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The technology underpinning Australian financial institutions is typically a mix of legacy systems, newer technology, and pieces provided by various external vendors. While this is adequate, it’s not ideal.

FinClear uses the same kind of technology ‘stack’ – that is, the combination of technologies that come together to deliver our products and services, just as companies like Google, Facebook and Netflix do. These companies build and own all their technology from the back end – the servers and underlying applications – to the client’s mobile phone interface. This makes them fast, flexible, and able to service billions of customers at once.

FinClear, similarly, has the ability to stream our products and services to an almost infinite number of users with no downtime, no scheduled maintenance, and no reliance on external providers.


Most financial services companies run on ‘monolithic’ systems. That means, when something needs to be changed, the whole system is affected. This is why retail online banking, for example, regularly goes down for scheduled maintenance.

Companies like FinClear run on microservices architecture. Within this environment, each small piece of the overall business is run independently of everything else. A good analogy is an office building – if you want to change a washer in the bathroom, you don’t need to shut down the entire building to do it. Microservices architecture allows changes to be made to the technology very easily, without requiring any downtime.

This technology architecture is also behind the ability of the big tech companies to service billions of people all at once. Because it has no redundancies and is so flexible and reliable, it can be delivered to a global marketplace all at the same time with no problems., FinClear’s technology is built the same way today.




When you think of a service like G Suite (Google’s business solution), you realise that the look, the feel and services change fairly frequently, but without users needing to be  notified of scheduled downtime or required to update their software. This is because the architecture allows for CICD – the continuous development and release of system upgrades and fixes without the user being aware that those processes are taking place.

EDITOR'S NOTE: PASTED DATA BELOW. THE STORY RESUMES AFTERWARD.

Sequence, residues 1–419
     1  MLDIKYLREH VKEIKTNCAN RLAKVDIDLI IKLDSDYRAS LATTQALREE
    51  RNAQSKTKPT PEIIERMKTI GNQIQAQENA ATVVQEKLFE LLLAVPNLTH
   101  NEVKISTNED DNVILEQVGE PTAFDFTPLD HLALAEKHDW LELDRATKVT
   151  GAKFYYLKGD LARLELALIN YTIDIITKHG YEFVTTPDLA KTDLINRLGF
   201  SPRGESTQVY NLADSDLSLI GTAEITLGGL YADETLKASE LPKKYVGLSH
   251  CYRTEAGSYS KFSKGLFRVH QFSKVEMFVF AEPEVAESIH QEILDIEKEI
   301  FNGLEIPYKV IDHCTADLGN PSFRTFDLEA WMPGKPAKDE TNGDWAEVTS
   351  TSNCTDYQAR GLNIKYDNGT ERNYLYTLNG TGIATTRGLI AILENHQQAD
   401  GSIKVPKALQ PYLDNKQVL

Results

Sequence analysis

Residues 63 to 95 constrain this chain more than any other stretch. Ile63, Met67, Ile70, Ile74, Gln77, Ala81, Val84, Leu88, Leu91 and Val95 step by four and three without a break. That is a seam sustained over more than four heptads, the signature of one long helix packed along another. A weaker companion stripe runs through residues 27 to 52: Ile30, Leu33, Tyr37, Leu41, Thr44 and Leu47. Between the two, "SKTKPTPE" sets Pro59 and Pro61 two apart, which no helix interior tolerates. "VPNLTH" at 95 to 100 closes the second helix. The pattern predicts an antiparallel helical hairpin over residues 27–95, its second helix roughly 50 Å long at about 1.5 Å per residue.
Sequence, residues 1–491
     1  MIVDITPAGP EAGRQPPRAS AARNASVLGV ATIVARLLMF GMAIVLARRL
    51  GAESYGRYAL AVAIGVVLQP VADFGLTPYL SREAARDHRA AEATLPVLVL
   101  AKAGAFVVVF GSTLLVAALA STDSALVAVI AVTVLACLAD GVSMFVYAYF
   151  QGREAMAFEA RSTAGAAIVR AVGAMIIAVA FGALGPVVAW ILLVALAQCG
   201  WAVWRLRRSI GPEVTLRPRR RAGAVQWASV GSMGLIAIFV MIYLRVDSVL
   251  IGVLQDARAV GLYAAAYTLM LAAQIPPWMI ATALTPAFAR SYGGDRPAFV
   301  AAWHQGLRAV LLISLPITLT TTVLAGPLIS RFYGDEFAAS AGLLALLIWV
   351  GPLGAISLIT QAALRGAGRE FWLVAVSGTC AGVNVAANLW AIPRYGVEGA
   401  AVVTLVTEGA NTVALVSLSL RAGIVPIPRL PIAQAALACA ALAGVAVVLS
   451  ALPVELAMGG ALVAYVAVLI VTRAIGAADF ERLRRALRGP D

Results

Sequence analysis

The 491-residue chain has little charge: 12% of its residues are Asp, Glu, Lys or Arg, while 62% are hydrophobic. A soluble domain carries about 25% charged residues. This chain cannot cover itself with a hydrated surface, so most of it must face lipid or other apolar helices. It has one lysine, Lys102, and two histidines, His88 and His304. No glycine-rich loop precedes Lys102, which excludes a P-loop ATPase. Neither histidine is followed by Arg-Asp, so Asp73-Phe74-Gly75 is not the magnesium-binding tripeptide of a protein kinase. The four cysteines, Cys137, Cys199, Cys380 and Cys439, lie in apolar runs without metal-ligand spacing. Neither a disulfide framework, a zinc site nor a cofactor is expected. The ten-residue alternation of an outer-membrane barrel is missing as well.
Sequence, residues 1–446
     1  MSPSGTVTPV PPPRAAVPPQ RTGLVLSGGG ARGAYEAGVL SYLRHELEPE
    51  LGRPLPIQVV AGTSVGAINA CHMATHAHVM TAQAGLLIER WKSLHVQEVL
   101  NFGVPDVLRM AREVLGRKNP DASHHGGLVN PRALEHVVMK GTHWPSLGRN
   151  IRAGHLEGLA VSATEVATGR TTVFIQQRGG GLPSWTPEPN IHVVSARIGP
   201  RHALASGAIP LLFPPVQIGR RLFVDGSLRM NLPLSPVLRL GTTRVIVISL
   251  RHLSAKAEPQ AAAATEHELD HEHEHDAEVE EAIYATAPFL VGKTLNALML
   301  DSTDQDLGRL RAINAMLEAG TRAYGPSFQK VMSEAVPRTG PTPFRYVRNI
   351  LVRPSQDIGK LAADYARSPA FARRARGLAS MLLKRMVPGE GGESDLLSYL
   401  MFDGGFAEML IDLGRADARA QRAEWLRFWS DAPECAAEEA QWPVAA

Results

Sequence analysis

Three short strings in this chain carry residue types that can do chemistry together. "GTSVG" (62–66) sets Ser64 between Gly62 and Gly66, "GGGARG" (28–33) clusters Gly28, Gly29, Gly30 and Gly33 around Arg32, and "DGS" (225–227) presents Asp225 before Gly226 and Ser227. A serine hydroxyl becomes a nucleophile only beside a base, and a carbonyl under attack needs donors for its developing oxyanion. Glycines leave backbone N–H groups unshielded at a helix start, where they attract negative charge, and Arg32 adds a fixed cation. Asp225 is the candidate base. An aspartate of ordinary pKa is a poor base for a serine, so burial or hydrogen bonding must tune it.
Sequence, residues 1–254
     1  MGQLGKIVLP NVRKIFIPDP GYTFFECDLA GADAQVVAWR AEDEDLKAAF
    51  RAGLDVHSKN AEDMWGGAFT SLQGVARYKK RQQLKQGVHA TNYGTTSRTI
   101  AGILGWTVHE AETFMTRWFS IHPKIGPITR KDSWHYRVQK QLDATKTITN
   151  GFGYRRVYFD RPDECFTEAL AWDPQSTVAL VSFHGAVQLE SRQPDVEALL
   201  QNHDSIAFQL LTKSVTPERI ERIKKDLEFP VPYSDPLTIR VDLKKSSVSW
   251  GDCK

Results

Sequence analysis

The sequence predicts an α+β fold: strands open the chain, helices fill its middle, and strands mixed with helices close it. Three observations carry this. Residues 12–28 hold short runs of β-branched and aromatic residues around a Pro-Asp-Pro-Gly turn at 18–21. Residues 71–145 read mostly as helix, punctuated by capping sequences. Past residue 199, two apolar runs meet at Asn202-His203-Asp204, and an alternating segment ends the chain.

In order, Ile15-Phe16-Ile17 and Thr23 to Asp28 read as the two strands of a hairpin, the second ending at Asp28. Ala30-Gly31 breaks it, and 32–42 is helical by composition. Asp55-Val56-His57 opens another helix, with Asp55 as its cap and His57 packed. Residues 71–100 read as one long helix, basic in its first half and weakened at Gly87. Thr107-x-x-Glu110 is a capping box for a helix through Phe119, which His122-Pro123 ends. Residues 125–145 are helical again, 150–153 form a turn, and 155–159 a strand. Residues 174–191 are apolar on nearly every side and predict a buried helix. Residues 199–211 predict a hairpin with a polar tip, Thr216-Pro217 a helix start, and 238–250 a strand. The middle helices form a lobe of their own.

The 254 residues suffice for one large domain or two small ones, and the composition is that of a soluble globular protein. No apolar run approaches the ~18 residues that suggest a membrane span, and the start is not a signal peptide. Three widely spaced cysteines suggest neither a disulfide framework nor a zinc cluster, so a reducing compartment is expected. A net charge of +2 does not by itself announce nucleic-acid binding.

FinClear’s CICD processes make our business extremely nimble, and also makes us extremely robust, and able to respond to changes, issues and client requests incredibly quickly.


Most of us have heard of open APIs. This architecture means other companies can connect to and use your technology platform to build their own businesses – Google GSuite is a good example. At FinClear, we use the same global standards as the big tech companies. Have you ever been offered the ability to log into a new app using your Google or Facebook credentials? This is THE gold standard open API at work. It’s called Google aRPC, and it means that if we wanted to, we could allow everyone to log into FinClear’s systems using their Facebook account.

We won’t do that of course, but what it does mean is that other fintechs can land lightly on top of our architecture and start using it immediately to build their own, innovative businesses. And because we have no third-party vendors within our technology stack, integration is even easier and costs even less. Incidentally, this is the same API that will be used by ASX in the CHESS replacement.